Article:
SYDNEY, Australia – The blue pill is under scrutiny because it can cause unusual, detrimental visual responses for users who carry a common mutation for eye disease.

According to a study to be published in the journal Experimental Eye Research in November, sildenafil, the active ingredient in the erectile dysfunction drug, Viagra, can inhibit an enzyme important for transmitting light signals from the retina to the brain, even in otherwise healthy people.

“Side effects can include sensitivity to bright light, blurred vision and altered color vision,” says Dr. Lisa Nivison-Smith, of Australia’s University of New South Wales School of Optometry and Vision Science and one of the leaders of the study.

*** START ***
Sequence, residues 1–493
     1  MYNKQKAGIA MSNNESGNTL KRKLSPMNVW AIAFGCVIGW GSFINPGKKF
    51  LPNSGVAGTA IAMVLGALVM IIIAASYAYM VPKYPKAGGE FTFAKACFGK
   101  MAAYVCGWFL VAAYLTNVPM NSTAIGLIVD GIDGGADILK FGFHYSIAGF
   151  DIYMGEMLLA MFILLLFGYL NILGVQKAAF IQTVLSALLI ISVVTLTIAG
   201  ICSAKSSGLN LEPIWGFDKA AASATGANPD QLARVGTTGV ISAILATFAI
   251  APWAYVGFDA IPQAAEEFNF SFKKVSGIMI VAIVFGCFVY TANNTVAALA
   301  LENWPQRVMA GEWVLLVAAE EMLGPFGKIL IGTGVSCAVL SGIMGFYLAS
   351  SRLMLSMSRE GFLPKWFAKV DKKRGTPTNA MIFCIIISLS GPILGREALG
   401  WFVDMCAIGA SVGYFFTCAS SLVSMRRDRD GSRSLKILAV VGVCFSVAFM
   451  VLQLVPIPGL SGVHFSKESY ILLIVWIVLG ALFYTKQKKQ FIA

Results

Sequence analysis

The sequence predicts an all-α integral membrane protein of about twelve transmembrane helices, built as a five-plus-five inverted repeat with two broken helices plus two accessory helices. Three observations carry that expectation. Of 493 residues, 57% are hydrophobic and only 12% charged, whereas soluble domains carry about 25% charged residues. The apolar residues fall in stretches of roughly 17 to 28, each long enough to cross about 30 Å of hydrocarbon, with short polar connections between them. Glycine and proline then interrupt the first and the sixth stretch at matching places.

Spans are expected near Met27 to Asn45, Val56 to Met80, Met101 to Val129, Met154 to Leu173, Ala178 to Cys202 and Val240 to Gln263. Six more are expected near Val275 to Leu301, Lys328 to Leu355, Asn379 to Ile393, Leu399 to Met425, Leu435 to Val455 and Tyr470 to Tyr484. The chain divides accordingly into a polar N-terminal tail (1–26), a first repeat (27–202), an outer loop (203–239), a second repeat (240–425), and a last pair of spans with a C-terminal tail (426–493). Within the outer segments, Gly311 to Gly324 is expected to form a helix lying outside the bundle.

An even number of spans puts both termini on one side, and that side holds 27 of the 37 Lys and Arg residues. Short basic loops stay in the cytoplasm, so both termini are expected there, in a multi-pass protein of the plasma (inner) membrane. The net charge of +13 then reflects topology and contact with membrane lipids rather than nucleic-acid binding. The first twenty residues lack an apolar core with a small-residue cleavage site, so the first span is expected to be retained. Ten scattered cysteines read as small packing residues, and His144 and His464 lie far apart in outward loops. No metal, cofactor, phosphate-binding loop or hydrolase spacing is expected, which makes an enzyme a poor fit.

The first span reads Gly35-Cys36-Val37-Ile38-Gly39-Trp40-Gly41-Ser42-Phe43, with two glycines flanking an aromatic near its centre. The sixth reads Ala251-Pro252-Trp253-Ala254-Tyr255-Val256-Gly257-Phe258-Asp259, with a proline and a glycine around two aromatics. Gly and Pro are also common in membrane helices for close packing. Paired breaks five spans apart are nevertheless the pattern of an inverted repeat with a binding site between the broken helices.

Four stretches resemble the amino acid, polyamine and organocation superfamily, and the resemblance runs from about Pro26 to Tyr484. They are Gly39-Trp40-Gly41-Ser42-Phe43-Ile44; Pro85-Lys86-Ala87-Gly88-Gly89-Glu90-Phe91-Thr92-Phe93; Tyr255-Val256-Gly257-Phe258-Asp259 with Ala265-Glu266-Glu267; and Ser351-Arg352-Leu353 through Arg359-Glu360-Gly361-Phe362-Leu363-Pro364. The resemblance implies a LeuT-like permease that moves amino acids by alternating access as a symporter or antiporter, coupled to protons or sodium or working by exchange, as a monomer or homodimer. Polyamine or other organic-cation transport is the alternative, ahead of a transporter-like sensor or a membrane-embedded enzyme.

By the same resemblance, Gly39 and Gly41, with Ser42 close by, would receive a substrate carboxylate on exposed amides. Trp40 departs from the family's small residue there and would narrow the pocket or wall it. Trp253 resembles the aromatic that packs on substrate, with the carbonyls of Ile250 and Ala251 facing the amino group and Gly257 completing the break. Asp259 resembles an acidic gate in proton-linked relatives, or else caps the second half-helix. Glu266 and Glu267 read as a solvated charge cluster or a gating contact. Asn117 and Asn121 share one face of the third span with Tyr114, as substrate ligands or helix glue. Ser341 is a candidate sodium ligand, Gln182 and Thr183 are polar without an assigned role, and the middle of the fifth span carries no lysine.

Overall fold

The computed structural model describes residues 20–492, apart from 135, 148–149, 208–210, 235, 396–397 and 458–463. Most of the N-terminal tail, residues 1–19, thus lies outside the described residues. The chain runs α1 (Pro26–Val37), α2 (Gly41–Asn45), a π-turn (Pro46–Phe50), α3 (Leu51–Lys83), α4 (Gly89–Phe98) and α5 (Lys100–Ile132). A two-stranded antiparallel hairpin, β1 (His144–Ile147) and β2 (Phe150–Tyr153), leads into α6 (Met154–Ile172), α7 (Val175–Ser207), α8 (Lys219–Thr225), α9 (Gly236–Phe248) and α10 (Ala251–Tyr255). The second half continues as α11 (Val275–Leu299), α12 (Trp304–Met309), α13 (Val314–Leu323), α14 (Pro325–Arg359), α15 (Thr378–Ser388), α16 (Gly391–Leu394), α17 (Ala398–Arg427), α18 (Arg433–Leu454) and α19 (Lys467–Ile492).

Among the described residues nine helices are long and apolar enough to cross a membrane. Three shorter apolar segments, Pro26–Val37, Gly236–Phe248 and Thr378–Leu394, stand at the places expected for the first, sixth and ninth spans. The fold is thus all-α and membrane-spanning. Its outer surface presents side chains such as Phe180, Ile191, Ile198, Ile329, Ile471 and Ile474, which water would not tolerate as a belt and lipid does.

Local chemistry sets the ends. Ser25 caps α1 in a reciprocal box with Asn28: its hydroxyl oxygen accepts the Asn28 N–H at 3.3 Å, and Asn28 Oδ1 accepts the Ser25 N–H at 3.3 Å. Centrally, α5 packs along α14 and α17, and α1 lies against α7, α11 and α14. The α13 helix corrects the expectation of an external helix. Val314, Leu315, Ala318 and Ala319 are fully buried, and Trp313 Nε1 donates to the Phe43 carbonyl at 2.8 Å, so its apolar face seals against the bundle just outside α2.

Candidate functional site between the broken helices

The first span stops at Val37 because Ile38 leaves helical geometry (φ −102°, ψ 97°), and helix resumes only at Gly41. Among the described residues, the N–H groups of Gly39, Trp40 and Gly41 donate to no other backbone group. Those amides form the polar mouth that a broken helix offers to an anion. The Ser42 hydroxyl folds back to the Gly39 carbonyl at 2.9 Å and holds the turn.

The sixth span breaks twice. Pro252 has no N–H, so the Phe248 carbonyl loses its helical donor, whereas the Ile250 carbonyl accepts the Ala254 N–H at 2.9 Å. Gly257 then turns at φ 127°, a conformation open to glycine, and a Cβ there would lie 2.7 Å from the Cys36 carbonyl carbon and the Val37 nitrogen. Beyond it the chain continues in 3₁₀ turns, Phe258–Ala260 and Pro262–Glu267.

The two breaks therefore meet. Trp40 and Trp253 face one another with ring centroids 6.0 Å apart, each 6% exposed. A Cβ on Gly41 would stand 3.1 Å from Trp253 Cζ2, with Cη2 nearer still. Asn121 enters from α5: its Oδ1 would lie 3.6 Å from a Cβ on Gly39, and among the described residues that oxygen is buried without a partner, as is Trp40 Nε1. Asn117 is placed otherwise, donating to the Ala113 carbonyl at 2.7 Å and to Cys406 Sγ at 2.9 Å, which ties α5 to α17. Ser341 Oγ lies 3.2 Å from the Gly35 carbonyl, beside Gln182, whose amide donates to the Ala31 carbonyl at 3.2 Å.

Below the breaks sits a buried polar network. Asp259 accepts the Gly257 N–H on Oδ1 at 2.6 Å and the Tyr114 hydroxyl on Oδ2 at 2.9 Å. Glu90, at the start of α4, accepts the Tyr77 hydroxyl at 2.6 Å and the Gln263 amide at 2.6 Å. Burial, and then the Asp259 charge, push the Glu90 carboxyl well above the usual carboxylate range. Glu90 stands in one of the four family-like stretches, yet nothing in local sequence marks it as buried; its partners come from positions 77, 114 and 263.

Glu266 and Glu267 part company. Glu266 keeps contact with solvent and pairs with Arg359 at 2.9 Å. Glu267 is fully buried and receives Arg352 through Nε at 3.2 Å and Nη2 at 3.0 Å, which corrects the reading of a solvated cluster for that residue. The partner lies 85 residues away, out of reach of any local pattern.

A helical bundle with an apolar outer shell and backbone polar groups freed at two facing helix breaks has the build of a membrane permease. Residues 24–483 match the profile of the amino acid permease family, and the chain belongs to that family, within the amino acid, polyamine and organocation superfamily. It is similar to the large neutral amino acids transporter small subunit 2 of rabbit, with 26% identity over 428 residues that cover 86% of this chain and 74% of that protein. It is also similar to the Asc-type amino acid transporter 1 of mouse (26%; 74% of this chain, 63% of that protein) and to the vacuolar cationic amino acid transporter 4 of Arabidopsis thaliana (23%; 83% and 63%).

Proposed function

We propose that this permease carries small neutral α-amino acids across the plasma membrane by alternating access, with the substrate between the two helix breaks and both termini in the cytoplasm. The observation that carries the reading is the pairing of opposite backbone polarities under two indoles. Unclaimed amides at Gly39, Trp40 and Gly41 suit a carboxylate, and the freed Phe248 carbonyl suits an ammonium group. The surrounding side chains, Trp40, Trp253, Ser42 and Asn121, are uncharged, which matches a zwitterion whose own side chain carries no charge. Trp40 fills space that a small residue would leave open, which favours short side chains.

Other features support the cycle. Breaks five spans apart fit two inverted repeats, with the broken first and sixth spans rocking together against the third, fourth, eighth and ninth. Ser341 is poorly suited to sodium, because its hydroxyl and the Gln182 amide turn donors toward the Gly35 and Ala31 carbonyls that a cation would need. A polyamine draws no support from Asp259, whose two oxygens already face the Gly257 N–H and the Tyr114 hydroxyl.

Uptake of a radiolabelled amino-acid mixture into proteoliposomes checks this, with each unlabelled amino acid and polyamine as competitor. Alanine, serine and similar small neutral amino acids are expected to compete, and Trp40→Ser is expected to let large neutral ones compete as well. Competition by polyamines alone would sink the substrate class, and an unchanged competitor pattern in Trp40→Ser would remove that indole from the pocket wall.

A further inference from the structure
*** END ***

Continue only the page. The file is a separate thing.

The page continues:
“We are concerned that people who have normal vision but who carry a single copy of the mutant gene for the blinding disease, Retinitis Pigmentosa, could be more susceptible to these changes.”

The study was conducted using mice and found that the animals had a transient vision loss after being fed sildenafil that was heightened and lasted longer in mice with the mutation.

Also found were early signs of cell death in the eyes of carrier mice, but not in normal mice, suggesting that sildenafil may cause degeneration in carriers of retinal disease.

“These findings are highly significant because about one in 50 people are likely to be carriers of recessive genes which cause retinal disease but are unlikely to know this, because their vision is normal,” Nivison-Smith said.

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